If we are going to progress past the stigma of mental illness diagnoses, it may be necessary to give up some of our freedoms. If we are going to differentiate between a mental health event that endangers the patient versus a mental health event that endangers community or society, we people with behavioral health diagnoses need to be willing to give up some of our freedom. To me giving up freedom is agreeing to sign off on background checks for guns and other weapons as well as amending doctor-patient confidentiality laws if there is clear evidence or behavioral propensity of a danger involving the greater community. Clearly if we are going to expect care-givers and first-responders to bear the responsibility of determining if the event scope is patient-only versus community-reaching, we will need to provide topnotch education to both mental healthcare providers and First Responders. Both groups need to be well-versed in signs that distinguish when the patient is a threat to self but more importantly a threat to others. Both care-givers and first-responders need to be armed with an understanding of how these two scenarios differ and how they are the same with the end goal being the care for human life – the life of a disturbed teen but also the lives of those in community with this teen.
The meds discussed here are the meds I have taken – there is no recommended psyche drug here in this post or others as what is therapeutic for one is not therapeutic for all – hence “the laboratory rat syndrome.”
In the 1980’s Lithium and Tegretol for maintenance and Mellaril, Ativan and Haldol for acute break-downs were largely the only psychotropic drugs on the market. Since the late eighties, this has largely changed with the break-through of any number of medications including Clozaril which I now take. The issue now is the side effects of these newer drugs. Their impact on managing the illness has increased 100-fold but the side effects have also increased. Weight gain associated with new psychotropic drugs is a serious concern and may lead to the onset of Type II Diabetes for me as well as for others.
What has not changed over the years regarding medication is the process by which the correct medications are found and administered. I call this “the laboratory rat syndrome.” Through no fault of prescribing medical doctors, prescribing the correct medications is often more of an art than a science. Patients may react to meds in very different ways since brain chemistry for different people and different illnesses may cause people to respond very differently to the same psychotropic drugs. It is not unusual to try a drug for three or four weeks to see if it works and then change the meds if it does not help sufficiently.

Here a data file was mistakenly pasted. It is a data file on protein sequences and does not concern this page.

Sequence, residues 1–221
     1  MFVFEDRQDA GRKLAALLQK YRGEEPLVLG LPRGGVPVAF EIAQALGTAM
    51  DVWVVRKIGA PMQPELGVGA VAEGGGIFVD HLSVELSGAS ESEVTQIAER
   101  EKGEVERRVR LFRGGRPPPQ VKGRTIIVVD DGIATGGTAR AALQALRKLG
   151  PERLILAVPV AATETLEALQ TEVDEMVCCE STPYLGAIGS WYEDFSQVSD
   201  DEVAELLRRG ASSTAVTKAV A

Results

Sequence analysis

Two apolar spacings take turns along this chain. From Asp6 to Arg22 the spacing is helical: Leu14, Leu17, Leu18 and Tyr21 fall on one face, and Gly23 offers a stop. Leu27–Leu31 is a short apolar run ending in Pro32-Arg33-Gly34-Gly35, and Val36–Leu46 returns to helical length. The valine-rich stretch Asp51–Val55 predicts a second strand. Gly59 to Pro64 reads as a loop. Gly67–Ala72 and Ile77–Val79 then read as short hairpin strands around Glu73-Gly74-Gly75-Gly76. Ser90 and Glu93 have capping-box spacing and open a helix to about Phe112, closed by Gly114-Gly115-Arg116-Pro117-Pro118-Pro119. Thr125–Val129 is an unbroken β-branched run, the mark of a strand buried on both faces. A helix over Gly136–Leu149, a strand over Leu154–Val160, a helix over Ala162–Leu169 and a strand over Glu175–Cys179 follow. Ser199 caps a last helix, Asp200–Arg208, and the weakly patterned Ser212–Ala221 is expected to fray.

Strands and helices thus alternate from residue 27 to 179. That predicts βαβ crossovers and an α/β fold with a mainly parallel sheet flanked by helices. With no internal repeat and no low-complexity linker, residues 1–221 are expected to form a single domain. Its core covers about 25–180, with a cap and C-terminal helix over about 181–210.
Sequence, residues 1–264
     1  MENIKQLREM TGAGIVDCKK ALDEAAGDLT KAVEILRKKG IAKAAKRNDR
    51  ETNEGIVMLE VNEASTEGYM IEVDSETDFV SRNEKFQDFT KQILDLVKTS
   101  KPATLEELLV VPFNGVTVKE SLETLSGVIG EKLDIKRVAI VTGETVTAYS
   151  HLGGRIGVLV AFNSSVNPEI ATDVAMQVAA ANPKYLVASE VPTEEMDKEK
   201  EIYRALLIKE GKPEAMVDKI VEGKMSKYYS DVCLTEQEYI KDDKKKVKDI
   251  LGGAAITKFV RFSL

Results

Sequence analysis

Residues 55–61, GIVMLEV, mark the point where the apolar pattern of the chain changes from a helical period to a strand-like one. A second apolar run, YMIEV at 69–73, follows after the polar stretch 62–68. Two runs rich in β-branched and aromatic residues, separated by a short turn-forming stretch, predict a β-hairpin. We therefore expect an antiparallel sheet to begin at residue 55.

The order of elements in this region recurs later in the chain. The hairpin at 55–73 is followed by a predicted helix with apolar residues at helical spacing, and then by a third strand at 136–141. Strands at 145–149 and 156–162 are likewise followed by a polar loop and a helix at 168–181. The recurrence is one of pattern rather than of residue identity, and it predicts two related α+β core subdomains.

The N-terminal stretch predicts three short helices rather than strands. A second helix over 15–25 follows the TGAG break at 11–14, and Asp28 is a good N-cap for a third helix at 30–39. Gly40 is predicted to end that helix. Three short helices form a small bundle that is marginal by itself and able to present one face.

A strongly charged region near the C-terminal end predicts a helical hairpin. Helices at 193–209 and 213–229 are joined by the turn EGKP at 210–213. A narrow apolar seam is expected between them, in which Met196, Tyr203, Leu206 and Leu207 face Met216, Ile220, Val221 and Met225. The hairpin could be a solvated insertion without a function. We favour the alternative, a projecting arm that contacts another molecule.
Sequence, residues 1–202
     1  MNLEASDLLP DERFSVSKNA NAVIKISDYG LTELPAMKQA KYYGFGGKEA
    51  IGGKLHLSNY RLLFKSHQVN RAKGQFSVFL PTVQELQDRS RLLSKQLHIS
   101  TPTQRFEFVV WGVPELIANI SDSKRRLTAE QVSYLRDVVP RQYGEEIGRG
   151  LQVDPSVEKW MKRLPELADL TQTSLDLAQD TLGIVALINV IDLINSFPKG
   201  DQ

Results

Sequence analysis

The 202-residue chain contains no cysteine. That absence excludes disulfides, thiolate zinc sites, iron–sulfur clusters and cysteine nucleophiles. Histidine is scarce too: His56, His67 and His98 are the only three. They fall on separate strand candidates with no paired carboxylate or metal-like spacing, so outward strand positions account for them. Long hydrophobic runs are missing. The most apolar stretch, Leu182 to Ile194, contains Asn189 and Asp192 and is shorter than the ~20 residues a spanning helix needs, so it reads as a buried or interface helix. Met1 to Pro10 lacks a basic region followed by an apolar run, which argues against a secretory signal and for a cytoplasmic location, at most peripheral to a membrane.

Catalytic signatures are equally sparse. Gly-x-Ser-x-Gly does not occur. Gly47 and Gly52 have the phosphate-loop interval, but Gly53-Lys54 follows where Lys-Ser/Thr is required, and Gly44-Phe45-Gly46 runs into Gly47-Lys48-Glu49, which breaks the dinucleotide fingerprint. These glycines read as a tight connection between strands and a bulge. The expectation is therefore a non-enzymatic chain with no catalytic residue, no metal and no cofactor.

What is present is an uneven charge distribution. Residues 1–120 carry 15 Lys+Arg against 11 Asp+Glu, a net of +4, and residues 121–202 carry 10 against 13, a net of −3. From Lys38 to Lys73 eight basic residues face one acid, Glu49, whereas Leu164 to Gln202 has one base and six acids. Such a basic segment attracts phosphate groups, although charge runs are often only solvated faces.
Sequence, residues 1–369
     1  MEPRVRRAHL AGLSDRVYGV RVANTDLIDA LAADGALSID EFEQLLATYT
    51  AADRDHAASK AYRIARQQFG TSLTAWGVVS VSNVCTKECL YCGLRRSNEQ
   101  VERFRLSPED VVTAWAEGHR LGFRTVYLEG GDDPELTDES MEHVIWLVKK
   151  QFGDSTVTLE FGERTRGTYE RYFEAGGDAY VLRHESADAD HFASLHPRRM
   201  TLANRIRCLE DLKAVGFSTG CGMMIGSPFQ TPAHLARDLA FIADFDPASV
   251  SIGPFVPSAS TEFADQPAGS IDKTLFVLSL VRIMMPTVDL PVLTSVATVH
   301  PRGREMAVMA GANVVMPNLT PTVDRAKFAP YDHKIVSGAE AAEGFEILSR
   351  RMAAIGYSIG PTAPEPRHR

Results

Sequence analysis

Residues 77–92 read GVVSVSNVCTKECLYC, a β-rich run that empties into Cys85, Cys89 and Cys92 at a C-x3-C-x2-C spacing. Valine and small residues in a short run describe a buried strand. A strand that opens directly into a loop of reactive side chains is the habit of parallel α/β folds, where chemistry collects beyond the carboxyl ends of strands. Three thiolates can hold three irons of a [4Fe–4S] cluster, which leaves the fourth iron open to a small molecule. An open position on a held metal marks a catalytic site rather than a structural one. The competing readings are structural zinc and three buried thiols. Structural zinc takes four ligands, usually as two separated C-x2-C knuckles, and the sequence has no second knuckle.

This “laboratory rat syndrome” requires that the patient partner outright with his or her prescribing doctor. Being clear and truthful about what drugs are working at what levels is a crucial part of managing bipolar illness or any related mood disorder. Without this feedback from the patient, the doctor virtually is in a guessing game with the patient. If the patient can provide clear and honest feedback about what medication is working and what is not working, this allows the doctor to more easily do his or her job.
In the last few years. I have turned a corner with my care providers including working with my therapist and my doctor on meds. I attribute this success to a relatively new Spiritual goal of becoming transparent in my psychiatric care. I try not to minimize how I feel and to disclose how a certain drug is working or not. My communication is straight-forward and sincere with the end goal to find a medication mix that works and that keeps me and my family safe and that allows me in time to live freely and perhaps work a job that I envision.